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Canada Fights Back Against Seal Hunt Opponents



The showdown over Belgium's ban on Canadian seal products pits international trade against animal welfare. Joanna Smith looks at chocolate imports, dietary supplements and kangaroo shoes to put things in perspective


August 4, 2007


1 Mark Small has been hunting seals off the coast of Newfoundland since the year John Diefenbaker was elected prime minister of Canada. He was 17, one of a family of 11 children, when he first went out on the ice in 1957.

Now, at 67, he owns two fishing vessels outfitted with the latest equipment, including a satellite phone, radar and sonar systems, and all the comforts of home like a shower, refrigerator and cooking range.

He bought his 65-foot vessel for $1-million in 1998, and picked up a 35-footer for $250,000 in 2004.

He took the bigger boat and a crew of eight out on this year's hunt. They caught about 10,000 seals, which at an average of $100 a pelt brought in around $100,000.

[Harpseals.org note: See actual pelt prices here.]

Half the money stayed with him and his boat and the other half was split among the crew members, giving them about $6,000 each.

His crew members, who have to obtain licences as assistant sealers from the Department of Fisheries and Oceans for $5 each, are not allowed to kill seals. Only professional sealers can do that.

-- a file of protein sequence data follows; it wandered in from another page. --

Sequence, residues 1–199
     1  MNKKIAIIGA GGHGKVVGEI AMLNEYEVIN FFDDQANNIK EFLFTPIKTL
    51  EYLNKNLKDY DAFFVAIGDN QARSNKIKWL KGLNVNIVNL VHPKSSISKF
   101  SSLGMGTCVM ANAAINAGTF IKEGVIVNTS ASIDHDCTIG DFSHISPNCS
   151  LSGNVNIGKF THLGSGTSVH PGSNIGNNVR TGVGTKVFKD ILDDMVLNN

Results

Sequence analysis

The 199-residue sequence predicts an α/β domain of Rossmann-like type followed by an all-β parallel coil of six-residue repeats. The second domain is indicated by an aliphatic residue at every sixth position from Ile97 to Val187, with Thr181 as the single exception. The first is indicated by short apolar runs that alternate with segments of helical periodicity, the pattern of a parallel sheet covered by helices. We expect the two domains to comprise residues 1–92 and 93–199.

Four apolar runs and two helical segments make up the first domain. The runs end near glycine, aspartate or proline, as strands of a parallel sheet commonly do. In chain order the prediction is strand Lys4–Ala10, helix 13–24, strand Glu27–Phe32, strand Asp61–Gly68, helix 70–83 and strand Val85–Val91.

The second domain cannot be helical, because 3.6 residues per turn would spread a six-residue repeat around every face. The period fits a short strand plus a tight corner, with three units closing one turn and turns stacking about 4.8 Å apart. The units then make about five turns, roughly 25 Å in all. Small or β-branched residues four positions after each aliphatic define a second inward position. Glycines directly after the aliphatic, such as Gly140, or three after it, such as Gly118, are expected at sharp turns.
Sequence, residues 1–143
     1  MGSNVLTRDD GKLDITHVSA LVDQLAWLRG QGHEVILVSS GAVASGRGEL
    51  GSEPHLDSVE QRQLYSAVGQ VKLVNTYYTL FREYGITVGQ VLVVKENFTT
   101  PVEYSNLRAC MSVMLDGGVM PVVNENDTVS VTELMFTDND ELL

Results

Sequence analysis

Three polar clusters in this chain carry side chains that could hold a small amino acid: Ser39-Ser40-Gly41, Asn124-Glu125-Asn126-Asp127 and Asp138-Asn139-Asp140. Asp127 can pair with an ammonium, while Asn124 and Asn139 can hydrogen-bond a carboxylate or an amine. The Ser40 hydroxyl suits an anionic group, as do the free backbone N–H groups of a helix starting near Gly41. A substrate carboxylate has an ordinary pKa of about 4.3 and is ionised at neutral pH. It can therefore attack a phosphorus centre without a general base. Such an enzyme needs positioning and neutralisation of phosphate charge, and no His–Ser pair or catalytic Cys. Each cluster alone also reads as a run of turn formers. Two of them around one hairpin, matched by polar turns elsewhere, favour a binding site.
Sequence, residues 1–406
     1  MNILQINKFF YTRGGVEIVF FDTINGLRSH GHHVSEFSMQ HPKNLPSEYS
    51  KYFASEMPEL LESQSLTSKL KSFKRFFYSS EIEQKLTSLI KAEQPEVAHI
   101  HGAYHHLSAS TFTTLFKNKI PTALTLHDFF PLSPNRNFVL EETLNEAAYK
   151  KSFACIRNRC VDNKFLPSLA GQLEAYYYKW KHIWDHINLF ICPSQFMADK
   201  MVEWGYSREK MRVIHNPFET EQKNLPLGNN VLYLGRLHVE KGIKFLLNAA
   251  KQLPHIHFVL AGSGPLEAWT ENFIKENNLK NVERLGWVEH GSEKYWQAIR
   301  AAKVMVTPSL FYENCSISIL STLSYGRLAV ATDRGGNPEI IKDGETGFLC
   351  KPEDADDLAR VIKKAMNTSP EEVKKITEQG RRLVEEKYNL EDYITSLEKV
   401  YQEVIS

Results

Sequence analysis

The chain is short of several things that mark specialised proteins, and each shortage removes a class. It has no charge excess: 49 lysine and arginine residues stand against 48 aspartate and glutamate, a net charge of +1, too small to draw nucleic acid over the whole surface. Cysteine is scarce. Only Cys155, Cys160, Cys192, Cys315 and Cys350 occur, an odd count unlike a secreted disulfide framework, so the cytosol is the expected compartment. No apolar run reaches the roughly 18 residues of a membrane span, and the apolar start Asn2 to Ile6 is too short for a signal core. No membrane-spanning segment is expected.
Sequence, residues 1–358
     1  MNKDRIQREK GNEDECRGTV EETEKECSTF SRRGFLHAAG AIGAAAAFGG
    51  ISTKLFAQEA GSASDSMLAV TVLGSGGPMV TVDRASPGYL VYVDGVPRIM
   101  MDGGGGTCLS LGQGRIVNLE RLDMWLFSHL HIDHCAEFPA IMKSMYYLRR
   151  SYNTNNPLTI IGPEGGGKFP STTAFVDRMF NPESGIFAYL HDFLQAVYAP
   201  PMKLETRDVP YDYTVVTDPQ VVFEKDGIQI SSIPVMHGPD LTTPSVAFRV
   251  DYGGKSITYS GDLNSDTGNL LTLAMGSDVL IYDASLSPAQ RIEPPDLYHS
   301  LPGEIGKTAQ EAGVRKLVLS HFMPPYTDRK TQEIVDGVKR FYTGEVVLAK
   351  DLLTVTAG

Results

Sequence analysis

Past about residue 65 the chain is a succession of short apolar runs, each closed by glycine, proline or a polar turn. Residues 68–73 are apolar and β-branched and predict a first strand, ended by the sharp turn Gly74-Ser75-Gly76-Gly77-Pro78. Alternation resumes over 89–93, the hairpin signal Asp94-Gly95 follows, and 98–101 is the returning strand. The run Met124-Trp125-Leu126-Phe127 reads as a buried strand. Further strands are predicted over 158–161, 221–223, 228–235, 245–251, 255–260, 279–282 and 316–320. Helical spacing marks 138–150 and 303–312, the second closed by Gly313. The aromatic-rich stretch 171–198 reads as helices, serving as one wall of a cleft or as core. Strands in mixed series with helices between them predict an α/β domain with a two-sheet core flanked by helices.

The assistants are there to clean the pelts and learn the industry regulations under the captain's direction. After a two-year apprenticeship, they may obtain full licences to become professional sealers.


2 Souring trade relations with Belgium might have many sweet-toothed Canadians worried about how long creamy milk chocolate will be allowed through our ports.

As popular as it is, however, chocolate is well down the list of commodities that Belgium sends us. The latest numbers from Industry Canada put chocolate and other cocoa products in 16th place - just above combine harvesters.

Last year, Belgium exported $1.96-billion worth of goods to Canada, led by fuels and mineral oils, motor vehicles, pharmaceutical products, diamonds and - wait for it - beer.

In the other direction, Belgium is Canada's 10th most important export market. We exported $2.39-billion in goods to Belgium in 2006, including rough diamonds, nickel, linseed oil, zinc and durum wheat.